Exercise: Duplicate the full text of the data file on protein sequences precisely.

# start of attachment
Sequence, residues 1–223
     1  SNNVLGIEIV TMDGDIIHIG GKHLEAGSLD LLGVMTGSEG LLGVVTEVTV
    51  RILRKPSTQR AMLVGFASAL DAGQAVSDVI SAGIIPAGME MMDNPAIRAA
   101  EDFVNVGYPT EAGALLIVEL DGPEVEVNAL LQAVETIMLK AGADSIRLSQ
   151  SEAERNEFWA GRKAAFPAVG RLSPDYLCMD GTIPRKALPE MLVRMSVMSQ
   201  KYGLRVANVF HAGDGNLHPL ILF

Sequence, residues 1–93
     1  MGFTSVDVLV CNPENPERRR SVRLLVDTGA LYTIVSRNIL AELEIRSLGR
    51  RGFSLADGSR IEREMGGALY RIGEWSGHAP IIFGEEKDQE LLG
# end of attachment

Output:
Sequence, residues 1–223
     1  SNNVLGIEIV TMDGDIIHIG GKHLEAGSLD LLGVMTGSEG LLGVVTEVTV
    51  RILRKPSTQR AMLVGFASAL DAGQAVSDVI SAGIIPAGME MMDNPAIRAA
   101  EDFVNVGYPT EAGALLIVEL DGPEVEVNAL LQAVETIMLK AGADSIRLSQ
   151  SEAERNEFWA GRKAAFPAVG RLSPDYLCMD GTIPRKALPE MLVRMSVMSQ
   201  KYGLRVANVF HAGDGNLHPL ILF

Sequence, residues 1–93
     1  MGFTSVDVLV CNPENPERRR SVRLLVDTGA LYTIVSRNIL AELEIRSLGR
    51  RGFSLADGSR IEREMGGALY RIGEWSGHAP IIFGEEKDQE LLG